Fiji is deteriorating into the Burma of the South Pacific, say regional experts who warn the troubled nation is now staring at years of stifling military rule and financial destitution.

Commentators have labelled as an "outrage" the latest developments in Fiji which effectively saw the country's military leader, Frank Bainimarama, return to the leadership with more power than ever.

The actions stemmed from a court ruling last Thursday which found that Commodore Bainimarama's regime, in power since a 2006 coup, was illegal under the 1997 constitution and could be replaced.

In response, the ailing 88-year-old President, Ratu Josefa Iloilo, sacked the judges, dissolved the constitution, ruled out any election for five years and briefly removed Commodore Bainimarama before reappointing him to the top job.

"This was all a total charade, just a hoax that spits in the face of democracy," said Professor Brij Lal, a Pacific specialist at Australian National University.

"The President is a senile old man, a puppet in the pocket of the military. It was planned all along that he would look after Bainimarama and strengthen the regime, and no justice would be done."

Fijian reporters have been told not to speak to foreign media by Government censors who are checking stories before they go to print.

A senior reporter from one of Fiji's three daily newspapers spoke to the Herald on the condition of anonymity because journalists have been locked up by the military before.

"Our editor in chief was one of those taken up to the military camp so we're really cautious about what we print. He was taken up for questioning, [another staff member] has been up there many times. It's really unpredictable, we don't know what these people are up to. Journalists have learned from what happened in 2006, 2007 ... they're taking precautions."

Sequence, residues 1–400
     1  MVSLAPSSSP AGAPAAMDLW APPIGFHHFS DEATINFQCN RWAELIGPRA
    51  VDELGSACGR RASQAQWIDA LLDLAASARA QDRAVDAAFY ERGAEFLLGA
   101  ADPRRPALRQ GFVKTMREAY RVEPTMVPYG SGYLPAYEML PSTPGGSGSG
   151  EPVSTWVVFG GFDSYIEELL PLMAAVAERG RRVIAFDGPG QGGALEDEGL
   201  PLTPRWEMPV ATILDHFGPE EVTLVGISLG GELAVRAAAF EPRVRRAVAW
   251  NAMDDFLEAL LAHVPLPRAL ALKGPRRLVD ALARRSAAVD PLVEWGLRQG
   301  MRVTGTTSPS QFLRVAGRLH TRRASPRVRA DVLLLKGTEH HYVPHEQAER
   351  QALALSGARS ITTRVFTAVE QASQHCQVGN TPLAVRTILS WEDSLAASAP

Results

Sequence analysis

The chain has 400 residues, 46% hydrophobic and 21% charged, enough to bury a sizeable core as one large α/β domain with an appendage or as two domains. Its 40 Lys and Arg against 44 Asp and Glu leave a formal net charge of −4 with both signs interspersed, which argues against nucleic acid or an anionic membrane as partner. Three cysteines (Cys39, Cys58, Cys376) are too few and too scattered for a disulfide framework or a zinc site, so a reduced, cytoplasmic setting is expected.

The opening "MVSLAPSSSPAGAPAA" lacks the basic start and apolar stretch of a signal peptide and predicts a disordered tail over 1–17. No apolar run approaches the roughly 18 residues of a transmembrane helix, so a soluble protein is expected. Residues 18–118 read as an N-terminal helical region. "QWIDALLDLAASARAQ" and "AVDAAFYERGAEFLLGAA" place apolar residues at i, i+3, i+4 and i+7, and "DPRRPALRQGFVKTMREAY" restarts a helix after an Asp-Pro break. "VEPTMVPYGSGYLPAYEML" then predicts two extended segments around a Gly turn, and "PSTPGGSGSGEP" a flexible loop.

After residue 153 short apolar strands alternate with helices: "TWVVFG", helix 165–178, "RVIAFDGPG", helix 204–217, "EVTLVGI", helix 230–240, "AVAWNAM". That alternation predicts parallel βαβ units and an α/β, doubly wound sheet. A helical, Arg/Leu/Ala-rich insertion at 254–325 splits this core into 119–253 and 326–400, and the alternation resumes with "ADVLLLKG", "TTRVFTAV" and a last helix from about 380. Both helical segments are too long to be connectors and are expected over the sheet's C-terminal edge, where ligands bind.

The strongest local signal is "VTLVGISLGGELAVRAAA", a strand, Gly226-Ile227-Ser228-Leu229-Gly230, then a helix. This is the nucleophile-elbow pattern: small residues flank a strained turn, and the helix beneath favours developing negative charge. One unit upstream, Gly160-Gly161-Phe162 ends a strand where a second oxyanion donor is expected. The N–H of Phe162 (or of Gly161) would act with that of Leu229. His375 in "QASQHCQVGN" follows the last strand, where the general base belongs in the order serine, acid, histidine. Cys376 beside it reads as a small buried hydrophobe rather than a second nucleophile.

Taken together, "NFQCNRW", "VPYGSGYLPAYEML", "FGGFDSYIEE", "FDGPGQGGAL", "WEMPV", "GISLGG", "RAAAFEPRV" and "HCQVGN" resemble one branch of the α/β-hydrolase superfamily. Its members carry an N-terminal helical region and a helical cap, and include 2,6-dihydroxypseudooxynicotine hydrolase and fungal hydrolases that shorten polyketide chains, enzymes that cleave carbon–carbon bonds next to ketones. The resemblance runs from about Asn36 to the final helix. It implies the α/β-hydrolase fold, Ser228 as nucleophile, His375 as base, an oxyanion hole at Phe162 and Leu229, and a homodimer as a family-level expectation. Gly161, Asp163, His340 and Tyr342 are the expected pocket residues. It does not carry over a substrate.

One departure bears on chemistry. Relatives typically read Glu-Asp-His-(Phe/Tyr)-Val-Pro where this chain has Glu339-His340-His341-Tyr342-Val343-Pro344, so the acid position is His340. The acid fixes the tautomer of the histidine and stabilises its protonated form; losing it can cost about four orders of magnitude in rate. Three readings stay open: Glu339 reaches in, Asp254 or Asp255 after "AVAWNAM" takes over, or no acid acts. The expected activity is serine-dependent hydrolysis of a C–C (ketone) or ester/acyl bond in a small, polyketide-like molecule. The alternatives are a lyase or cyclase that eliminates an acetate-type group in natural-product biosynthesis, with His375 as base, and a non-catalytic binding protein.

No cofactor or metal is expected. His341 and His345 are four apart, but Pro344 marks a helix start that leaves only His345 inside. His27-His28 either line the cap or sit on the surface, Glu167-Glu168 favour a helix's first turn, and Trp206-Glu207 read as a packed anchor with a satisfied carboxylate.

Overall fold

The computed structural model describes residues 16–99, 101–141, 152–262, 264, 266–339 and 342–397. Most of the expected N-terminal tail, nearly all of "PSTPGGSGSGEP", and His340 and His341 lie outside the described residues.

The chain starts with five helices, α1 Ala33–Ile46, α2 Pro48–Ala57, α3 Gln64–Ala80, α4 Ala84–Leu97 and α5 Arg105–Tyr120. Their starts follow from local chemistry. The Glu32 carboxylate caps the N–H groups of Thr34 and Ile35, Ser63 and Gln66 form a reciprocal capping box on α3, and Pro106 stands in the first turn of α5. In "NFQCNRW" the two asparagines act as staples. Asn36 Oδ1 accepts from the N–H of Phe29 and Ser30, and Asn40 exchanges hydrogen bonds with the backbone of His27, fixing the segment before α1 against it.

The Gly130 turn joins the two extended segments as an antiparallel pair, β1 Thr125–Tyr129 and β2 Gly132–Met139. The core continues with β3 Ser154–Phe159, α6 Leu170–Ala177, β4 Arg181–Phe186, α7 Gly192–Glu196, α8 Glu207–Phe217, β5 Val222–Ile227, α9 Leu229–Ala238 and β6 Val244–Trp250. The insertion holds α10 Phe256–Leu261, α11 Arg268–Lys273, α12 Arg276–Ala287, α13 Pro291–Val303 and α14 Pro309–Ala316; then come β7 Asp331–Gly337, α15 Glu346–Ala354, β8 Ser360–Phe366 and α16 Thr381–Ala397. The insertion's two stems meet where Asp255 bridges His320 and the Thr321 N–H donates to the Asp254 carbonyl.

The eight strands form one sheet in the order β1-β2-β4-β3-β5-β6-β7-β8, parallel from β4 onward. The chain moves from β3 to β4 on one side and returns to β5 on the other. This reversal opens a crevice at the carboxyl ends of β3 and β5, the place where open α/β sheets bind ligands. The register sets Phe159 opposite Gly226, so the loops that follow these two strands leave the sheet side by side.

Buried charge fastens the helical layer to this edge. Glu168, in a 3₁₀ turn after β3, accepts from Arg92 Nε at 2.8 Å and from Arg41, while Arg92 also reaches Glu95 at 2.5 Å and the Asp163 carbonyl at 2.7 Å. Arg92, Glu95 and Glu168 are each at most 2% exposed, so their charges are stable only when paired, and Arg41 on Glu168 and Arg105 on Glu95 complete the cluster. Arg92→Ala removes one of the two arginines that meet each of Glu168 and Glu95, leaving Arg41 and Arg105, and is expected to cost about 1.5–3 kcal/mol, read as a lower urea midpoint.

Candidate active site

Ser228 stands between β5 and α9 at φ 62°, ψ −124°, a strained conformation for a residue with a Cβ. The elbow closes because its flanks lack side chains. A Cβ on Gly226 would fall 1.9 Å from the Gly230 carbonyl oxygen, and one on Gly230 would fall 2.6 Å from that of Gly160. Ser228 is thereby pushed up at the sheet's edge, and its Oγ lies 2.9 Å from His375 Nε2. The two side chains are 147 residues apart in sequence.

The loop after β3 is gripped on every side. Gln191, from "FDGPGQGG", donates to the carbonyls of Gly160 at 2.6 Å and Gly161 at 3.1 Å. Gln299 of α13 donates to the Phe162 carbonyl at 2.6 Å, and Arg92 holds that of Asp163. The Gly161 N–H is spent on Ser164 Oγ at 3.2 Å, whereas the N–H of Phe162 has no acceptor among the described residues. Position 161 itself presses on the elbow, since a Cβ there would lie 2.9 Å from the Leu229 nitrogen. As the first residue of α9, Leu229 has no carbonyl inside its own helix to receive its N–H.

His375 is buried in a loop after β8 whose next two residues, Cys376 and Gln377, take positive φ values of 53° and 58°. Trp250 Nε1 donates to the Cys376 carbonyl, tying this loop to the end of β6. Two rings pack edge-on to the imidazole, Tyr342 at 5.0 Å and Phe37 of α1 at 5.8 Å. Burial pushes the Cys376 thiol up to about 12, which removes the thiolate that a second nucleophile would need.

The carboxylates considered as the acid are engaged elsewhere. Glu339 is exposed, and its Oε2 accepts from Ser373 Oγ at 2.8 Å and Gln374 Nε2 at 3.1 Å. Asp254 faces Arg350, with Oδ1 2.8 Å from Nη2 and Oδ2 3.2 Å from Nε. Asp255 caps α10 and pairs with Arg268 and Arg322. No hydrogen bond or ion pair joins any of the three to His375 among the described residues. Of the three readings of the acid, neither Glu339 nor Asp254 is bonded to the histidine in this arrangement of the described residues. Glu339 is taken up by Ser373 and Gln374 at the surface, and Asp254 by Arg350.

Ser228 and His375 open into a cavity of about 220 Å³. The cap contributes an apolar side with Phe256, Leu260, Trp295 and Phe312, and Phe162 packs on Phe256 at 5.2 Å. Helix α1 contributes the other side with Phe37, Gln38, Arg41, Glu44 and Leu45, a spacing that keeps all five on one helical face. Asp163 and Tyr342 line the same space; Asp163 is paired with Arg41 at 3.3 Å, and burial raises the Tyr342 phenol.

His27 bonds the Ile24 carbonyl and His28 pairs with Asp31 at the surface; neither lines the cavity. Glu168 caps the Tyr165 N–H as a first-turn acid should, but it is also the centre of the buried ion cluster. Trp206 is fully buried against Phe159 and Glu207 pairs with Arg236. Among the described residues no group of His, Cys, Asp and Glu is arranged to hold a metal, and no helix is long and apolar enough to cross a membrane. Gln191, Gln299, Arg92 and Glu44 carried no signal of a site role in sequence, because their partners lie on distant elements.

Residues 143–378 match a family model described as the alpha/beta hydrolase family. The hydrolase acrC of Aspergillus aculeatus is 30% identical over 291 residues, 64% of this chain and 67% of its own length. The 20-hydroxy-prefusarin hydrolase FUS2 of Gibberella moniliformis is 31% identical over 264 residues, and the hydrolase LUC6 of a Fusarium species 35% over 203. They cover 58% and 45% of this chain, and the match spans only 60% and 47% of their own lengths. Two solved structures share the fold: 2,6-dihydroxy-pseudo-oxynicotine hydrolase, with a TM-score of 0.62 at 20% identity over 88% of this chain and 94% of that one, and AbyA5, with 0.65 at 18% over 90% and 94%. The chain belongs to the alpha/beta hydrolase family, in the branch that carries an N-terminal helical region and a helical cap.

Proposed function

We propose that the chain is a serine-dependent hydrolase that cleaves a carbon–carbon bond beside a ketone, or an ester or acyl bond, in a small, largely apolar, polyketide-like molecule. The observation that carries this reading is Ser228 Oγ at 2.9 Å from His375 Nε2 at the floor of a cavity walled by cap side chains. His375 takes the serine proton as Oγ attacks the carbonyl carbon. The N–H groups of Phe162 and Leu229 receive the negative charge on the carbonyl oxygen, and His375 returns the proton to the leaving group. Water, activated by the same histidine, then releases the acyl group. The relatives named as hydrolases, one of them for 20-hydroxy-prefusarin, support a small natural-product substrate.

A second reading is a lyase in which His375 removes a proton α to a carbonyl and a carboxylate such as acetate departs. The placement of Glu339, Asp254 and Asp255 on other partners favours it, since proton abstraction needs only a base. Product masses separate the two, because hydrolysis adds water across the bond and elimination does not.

President Iloilo abolished the constitution on Friday in response to the Appeal Court ruling that Commodore Bainimarama's coup was illegal, and the commodore was sworn in as Prime Minister on Saturday. He immediately declared a 30-day state of emergency. Regulations giving the police and military extensive powers were also put in place.

Pacific leaders have condemned the moves and say they amount to turning Fiji into a military dictatorship.

Over Easter "information officers", who were accompanied by a mixture of plainclothes and uniformed police, were coming into newsrooms during the late afternoon to check journalists' copy.

"By the looks of it most of them don't want to be doing what they're doing," the reporter said. "The first time we had it they joined us for kava downstairs. There's no one standing over us with guns or anything but it's looking at the stories and telling us: 'This is good, this isn't."'

The reporter said some stories rejected by censors were not anti-Government, but were political in nature, while others had travelled back and forth to the Ministry of Information, Communications and Media Relations before being accepted or denied.

Meanwhile, Fijian officials were in the process of deporting an Australian journalist last night.

Sean Dorney, who works for ABC news, said: "They called me to the immigration department this morning and informed me they were unhappy with my reporting being broadcast on the local Fiji One network.

TV 3 News reporting staff have also been expelled, with political reporter Sia Aston and cameraman Matt Smith being told they were no longer welcome in the country.

New Zealand's Ministry of Foreign Affairs and Trade's travel advisory said there was potential for a rapid deterioration to civil disorder and violence in Fiji.

The Ministry urged New Zealand travellers to register their travel plans with the ministry.

"There is some risk to your security in Fiji and we advise caution," the site warns.

- additional reporting by AAP